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Nectar for Hummingbirds and Others
Like the other birds we enjoy at our feeders, hummingbirds do not rely upon the food we provide for their survival. Nectar feeders attract hummingbirds to our yards so that we can see the tiny birds up close and admire their dazzling colors and their physics-defying flight, but the feeders are for our benefit — not the hummingbirds’. They have gotten along without man-made nectar for countless centuries and would be fine even if no feeders were ever put out for them again. Hummingbirds use nectar feeders because they’re available and full of free food. If you truly want to make a difference for the hummingbirds that live in your area, create an inviting backyard habitat for them that includes trees and shrubs to offer shelter and nesting sites, as well as flowering plants to provide nectar and attract the tiny arthopods — insects and spiders — that make up most of a hummingbird’s diet.
On the Hummingbird Menu
Hummingbirds instinctively know where and how to get the nutrition they need, and it comes from far more than just nectar. They also eat tiny arthopods, such as spiders, fruit flies, midges, and countless others so small they’re referred to as “no-see-ums.” Some biologists and others who have studied hummingbirds extensively think of them as little flycatchers, because they consume so much protein from the insects they eat along with the carbohydrates they get from nectar. Hummers will explore every flower they find, but they quickly learn and remember which ones produce the most nectar or have the largest supply of insects. People unfamiliar with what and how hummingbirds eat often mistakenly think the tiny birds are getting nectar from some flowers just because they’re red, when in fact they’re poking their bills into the blossoms because there are lots of insects in them. If you observe hummingbirds a lot, you’ll see that they fly back to the perches just like flycatchers do.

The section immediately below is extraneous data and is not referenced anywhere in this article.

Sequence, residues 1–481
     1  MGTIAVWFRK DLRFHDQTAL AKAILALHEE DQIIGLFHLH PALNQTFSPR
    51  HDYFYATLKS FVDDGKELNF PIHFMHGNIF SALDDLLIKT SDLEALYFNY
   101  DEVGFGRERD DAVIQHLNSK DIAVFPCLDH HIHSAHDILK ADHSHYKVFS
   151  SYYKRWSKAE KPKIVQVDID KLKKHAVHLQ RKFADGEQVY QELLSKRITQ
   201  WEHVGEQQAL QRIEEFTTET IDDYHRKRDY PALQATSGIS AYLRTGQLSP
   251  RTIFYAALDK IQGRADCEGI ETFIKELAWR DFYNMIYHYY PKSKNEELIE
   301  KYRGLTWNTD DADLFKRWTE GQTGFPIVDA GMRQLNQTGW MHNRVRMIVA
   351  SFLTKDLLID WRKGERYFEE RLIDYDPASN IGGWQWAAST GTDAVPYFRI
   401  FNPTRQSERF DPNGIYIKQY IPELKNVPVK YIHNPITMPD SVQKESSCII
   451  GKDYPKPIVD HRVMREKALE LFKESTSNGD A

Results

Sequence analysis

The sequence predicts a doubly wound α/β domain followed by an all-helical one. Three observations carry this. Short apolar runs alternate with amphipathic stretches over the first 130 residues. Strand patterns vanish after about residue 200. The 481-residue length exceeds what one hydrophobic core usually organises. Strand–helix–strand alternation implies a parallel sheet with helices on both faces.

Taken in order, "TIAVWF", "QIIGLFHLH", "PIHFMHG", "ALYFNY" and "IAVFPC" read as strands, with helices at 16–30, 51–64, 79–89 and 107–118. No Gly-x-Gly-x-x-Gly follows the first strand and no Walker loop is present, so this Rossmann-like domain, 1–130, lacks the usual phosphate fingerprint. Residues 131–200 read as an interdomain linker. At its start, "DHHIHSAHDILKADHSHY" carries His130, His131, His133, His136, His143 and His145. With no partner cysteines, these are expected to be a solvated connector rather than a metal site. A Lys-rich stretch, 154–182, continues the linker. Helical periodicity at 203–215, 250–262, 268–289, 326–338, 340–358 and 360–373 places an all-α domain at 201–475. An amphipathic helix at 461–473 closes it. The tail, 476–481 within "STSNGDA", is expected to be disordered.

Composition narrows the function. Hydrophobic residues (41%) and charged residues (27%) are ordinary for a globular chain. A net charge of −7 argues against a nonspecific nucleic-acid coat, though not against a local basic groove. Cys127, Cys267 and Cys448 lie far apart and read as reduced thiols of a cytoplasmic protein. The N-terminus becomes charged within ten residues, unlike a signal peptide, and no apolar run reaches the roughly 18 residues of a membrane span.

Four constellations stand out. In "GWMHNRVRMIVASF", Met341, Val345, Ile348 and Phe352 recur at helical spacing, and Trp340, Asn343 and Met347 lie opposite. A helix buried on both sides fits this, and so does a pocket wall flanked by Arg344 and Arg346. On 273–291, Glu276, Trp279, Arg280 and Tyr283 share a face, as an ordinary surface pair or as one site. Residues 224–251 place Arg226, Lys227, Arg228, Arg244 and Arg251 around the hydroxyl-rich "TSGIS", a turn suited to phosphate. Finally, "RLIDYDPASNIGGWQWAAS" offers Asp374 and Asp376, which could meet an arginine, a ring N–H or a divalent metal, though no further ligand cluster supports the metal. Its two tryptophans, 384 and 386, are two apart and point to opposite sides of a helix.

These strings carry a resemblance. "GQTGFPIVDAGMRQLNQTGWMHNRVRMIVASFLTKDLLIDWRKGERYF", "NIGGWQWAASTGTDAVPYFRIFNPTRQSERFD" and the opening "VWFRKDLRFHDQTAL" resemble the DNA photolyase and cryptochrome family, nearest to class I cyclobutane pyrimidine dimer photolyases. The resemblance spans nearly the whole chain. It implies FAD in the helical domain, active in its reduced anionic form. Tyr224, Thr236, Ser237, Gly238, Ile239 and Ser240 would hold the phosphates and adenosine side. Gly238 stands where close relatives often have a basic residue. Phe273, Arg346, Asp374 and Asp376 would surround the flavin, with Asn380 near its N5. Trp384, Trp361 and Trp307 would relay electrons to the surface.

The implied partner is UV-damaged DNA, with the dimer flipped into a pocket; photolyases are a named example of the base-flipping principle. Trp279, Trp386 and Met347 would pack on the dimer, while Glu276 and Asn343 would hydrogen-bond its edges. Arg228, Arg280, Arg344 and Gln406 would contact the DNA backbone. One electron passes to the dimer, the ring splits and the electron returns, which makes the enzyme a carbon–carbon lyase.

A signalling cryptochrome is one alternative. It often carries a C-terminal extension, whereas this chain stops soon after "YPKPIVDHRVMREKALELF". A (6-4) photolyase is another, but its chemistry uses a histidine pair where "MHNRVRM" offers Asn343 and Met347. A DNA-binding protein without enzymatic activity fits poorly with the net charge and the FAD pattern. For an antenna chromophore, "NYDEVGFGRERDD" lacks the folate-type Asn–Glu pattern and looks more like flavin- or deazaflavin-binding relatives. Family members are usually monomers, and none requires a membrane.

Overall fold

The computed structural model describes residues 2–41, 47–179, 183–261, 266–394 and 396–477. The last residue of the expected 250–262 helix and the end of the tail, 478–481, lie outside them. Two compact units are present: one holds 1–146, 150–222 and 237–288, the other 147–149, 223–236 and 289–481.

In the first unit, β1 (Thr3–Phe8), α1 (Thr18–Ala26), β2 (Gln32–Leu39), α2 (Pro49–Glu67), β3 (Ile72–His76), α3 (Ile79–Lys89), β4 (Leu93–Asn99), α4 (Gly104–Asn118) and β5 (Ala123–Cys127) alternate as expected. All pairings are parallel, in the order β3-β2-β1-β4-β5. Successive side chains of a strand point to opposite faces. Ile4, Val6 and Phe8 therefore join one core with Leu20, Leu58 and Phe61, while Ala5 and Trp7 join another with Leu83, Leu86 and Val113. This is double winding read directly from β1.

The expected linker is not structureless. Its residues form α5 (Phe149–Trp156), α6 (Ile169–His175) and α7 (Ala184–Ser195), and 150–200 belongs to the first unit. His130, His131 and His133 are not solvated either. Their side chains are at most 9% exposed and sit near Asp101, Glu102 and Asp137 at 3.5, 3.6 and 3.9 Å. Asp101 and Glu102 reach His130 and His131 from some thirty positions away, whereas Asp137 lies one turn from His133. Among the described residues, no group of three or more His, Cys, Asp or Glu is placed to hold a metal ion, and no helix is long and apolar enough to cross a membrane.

Hummingbirds’ bodies, like human bodies, are designed to process and digest the foods they eat in a certain way. In the wild, the birds naturally choose flowers that produce nectar that is 20 to 30 percent sugar. To mimic that, the sugar-water solution you serve in your feeders should be 1 part sugar to 4 parts water: for example, 1/4 cup sugar in 1 cup of water.
Use only white sugar, and don’t make the mistake of thinking that if 1:4 is good, than 1:3 is better — because it’s not. Don’t make your sugar-water solution any stronger than 1:4, and don’t use sweeteners other than white sugar. Never use honey, brown sugar, molasses, powdered sugar, or any sugar substitute. You may meet people who tell you they’ve substituted another sweetener for sugar in their nectar solutions without any ill effects on the hummingbirds at their feeders. But the truth is that there’s little way of knowing what happens to birds once they leave our feeders. In exchange for the pleasure we can get from watching birds, the least we can do is offer foods that are appropriate and unlikely to cause any harm.